Citizens of Heaven

Text: Philippians 3:15-4:1

What do you think of when you hear the word citizenship? Is it voting rights, the ability to participate in civic and political activity, or perhaps loyalty in times of war? Perhaps you think of it more along the lines of values and ideals: the American way. In the ancient world there were various understandings of citizenship and different demonstrations and festivals to impart a sense of admiration of one’s city or state. There were those who viewed their citizenship as a mark of honor, virtue, or civilization. They were Roman or Greek rather than a barbarian. Aristotle even thought that the Northern tribes were incapable of civilization. Anyone with red or blond hair, and especially someone with freckles, was thought to be outside the bounds of reason and domestication altogether. You can’t work with those people. Other views of citizenship were more philosophical but they all shared the concept of uniting different people together as one. Citizens were all on the same team, so to speak.

Paul, understanding the importance of this theme, picks up on the idea of citizenship in Philippians, and he applies it to the church. The church, he says, is the gathering place of the citizens of heaven. Heaven was the true homeland, and wherever the Christians might currently find themselves was a sort of outpost or colony. This gave the church a new kind of citizenship ideal. They were to think of themselves as a community of friends with specific concepts of justice and mutual support. In a certain sense they were exactly backwards from the ways of the world, then and now, in that they were people who did not “stand up for their rights” but rather voluntarily relinquished those rights for the good of those around them. This is, again, what Paul calls the mind of Christ, and we can’t understand heavenly citizenship without first understanding the shared mindset that heaven’s citizens must have. Continue reading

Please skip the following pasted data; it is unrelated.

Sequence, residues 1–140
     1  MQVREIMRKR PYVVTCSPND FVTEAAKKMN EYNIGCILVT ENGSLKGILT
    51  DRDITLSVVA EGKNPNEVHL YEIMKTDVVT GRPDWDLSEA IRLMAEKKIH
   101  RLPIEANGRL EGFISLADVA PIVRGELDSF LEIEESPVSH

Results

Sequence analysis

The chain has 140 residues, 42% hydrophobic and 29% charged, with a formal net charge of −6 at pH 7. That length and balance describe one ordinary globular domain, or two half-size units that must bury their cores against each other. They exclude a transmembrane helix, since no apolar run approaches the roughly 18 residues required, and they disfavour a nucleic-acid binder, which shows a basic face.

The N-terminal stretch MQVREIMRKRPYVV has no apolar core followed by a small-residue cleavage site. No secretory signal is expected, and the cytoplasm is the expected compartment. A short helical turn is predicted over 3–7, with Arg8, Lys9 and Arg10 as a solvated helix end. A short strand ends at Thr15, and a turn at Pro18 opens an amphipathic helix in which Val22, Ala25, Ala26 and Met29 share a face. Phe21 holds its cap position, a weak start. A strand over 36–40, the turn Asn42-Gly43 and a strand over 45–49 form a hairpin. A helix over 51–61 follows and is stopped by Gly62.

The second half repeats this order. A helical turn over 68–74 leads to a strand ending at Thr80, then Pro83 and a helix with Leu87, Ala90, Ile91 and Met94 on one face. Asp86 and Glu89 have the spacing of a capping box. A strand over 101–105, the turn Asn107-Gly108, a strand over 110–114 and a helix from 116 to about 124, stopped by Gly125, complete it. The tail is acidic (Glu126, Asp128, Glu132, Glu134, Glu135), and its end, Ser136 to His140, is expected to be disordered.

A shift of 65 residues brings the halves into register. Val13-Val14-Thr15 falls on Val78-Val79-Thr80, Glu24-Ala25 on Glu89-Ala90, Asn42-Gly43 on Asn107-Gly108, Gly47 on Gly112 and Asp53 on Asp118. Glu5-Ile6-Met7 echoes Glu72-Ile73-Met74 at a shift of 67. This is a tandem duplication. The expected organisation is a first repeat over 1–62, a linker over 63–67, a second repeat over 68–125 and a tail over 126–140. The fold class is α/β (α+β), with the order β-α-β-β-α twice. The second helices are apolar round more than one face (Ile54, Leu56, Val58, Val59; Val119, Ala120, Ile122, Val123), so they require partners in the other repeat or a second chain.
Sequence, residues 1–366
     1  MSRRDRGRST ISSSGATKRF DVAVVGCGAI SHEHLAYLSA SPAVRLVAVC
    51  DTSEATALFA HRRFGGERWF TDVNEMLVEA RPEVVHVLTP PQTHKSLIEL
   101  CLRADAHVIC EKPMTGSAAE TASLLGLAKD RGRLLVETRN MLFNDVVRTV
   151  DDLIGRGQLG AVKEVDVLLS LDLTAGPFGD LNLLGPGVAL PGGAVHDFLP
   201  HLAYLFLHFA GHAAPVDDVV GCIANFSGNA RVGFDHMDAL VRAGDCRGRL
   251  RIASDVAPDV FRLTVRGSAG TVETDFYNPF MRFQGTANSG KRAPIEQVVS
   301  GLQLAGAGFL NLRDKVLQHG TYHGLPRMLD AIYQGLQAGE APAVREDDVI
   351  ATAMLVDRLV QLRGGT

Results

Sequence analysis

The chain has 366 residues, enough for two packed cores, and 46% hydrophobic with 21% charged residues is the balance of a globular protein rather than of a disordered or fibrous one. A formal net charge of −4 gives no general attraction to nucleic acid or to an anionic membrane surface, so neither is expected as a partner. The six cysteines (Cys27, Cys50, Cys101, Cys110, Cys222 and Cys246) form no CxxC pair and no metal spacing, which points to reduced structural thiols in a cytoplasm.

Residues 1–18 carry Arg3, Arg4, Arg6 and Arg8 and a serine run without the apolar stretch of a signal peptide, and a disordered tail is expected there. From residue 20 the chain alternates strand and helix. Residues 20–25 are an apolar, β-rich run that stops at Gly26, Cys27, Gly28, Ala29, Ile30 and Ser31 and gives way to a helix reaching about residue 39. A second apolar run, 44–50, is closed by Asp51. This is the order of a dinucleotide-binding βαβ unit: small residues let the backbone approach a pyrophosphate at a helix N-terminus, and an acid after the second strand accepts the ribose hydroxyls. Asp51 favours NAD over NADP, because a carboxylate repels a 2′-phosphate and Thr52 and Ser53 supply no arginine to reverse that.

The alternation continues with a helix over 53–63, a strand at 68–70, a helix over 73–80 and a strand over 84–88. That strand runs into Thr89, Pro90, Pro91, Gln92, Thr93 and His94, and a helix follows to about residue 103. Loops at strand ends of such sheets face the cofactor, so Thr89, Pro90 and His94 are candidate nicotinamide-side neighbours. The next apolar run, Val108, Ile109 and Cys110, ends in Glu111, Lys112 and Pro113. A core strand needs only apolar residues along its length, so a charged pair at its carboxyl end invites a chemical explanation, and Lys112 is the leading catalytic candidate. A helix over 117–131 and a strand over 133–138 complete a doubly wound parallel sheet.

Culture War, Faith, and Terror

As a young pastor and writer who has often defended the notion of “Christendom” and even advocated for something of a recovery of it in our current day, I was particularly alarmed when the ideology of Anders Behring Breivik came out.  The murders in Norway were a tragedy in their own right and we shouldn’t fail to mourn them before rushing to “the big picture” significance, but it is still the case that Breivik is now a symbol for the right wing and perhaps even “Christian” equivalent of Islamic terror.  Correctly or not, he will always play that role in the public discourse and his use of “Christendom” will have to be accounted for before anyone can speak positively of that term again. Continue reading